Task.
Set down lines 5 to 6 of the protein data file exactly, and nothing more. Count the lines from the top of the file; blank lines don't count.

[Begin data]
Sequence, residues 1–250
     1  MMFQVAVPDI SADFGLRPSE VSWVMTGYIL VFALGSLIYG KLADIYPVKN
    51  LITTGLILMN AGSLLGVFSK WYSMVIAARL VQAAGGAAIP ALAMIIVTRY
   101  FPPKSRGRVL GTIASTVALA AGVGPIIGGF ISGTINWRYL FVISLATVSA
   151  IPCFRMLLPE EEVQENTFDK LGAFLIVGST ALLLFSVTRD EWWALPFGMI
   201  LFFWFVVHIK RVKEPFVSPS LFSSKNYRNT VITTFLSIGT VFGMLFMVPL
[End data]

   151  IPCFRMLLPE EEVQENTFDK LGAFLIVGST ALLLFSVTRD EWWALPFGMI
   201  LFFWFVVHIK RVKEPFVSPS LFSSKNYRNT VITTFLSIGT VFGMLFMVPL